Attach the leash to the harness and get them to move around. The way you can achieve this is by using the target stick on the clicker training set I recommended earlier in this post from Amazon.
Place the end of the target stick in front of your cat a short distance away from them and when they touch their nose to the stick and take steps forward then click the clicker and offer a treat, slowly getting them used to walking around the home.
Walk them around the home in the harness and leash for a few days in short sessions of no longer than 10 minutes and remember that every time they wear the harness and walk around to offer treats.
Eventually, you won’t need to offer as many treats. Once they are used to walking outside then just give them a treat once the harness is on and once they return home.
Time for the great outdoors!
Now it’s time to introduce them to the great outdoors!
Take them outside on a grassy area to start with where there will be no other distractions such as other pets and dogs.
Remember this is new territory for them so they may be scared at first. It’s a good idea to crouch down on the grass a short distance away from them and shout them over by their name and when they walk over to you then click and reward.
Repeat this frequently at the beginning of their walks as this will teach them that if the worse was to happen and they manage to break free from the harness or escape that when you call their name they will come back to you.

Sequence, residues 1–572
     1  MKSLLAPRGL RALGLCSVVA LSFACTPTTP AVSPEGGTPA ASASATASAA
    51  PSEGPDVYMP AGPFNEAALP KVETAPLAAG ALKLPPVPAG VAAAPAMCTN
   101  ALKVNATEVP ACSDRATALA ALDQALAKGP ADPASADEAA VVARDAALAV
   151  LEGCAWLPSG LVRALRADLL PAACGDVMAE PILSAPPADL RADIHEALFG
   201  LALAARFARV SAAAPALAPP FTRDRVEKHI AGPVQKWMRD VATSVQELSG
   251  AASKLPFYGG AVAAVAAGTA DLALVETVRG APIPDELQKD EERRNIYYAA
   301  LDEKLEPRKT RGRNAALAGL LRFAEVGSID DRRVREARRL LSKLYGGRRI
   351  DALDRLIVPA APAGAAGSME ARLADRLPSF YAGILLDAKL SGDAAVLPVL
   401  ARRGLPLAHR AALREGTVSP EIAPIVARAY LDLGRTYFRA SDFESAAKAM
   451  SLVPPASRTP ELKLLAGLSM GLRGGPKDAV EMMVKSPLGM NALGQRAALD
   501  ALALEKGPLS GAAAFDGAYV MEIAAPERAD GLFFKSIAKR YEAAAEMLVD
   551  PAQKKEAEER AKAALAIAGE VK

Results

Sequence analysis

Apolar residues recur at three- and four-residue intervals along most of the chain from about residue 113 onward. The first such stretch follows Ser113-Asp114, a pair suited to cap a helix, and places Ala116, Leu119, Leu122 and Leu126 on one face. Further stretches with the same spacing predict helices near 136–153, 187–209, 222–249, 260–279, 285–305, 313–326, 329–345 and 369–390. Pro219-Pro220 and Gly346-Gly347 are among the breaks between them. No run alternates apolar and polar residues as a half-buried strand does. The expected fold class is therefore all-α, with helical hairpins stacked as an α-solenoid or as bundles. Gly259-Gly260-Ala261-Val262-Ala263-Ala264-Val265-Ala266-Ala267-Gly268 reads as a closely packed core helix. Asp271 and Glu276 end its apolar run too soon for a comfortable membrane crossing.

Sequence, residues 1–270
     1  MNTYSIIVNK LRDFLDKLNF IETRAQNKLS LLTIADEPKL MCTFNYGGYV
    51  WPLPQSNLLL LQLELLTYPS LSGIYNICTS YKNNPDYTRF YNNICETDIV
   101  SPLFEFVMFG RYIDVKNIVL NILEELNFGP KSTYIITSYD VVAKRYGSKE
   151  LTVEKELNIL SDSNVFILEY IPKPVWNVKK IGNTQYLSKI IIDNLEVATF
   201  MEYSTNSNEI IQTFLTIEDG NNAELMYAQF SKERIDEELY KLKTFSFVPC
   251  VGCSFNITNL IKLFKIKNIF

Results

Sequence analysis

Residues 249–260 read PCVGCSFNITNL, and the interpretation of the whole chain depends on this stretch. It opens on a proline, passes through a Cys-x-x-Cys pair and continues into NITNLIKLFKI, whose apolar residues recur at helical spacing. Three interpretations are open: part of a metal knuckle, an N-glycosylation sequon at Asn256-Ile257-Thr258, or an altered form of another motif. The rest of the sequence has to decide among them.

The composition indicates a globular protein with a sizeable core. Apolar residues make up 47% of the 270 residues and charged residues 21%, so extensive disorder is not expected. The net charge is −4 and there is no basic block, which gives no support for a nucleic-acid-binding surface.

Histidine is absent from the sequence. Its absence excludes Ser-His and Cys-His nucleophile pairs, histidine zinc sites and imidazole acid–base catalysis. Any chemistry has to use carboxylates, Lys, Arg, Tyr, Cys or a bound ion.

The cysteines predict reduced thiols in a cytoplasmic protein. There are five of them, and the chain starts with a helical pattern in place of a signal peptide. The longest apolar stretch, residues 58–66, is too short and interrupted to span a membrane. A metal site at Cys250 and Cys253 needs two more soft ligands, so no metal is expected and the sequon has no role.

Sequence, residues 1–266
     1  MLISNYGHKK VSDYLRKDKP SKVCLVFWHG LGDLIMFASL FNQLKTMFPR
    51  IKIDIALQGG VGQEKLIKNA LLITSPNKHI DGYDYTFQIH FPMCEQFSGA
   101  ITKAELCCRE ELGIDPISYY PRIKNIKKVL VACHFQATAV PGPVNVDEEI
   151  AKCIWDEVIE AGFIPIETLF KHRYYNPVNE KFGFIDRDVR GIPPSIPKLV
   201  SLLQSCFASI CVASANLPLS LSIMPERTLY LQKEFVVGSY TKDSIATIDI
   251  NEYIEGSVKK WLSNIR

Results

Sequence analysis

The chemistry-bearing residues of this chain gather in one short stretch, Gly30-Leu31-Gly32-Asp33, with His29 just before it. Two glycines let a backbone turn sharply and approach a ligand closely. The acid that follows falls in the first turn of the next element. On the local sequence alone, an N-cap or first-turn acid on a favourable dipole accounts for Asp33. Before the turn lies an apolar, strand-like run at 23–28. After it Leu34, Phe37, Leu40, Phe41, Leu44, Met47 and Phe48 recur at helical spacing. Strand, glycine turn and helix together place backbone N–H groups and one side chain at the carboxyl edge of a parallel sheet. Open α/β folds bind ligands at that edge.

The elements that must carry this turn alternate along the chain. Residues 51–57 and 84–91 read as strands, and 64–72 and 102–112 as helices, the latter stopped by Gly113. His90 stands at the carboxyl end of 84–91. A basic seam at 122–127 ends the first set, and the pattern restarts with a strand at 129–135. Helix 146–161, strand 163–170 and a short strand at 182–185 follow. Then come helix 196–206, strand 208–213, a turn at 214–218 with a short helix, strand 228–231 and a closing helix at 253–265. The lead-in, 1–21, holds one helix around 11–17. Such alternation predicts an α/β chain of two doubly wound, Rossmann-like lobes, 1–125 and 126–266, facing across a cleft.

Once you have built up their confidence then you can venture out a little further.
It’s a good idea to make sure you can pick them up straight away if any dogs are not on their leads to protect your cat.
Remember that it is a very different experience walking a cat than a dog. They may want to stop in one spot for quite a while before moving on and you will feel at times like your Maine coon is walking you rather than you walking them.
So there you go! If you have followed these instructions you are now able to walk your Maine coon outdoors.
Just remember that if your Maine coon isn’t cooperating then at some point you may have to realise that they may just want to stay indoors in their safe place.
Dont be angry at your cat for this, respect their individuality. One of my cats won’t go outdoors, he loves the home too much and even if I open the front door he will just sniff at the edge of the door and run back inside. He loves the sofa, the bed and his comforts too much.
I hope you have taken value from this post and please feel free to check out my other related articles in this series!
Check out these other cool posts within this series
Click the links to take a look
As always take care of yourself and your little fur babies!
Mark (The Crazy Cat Man)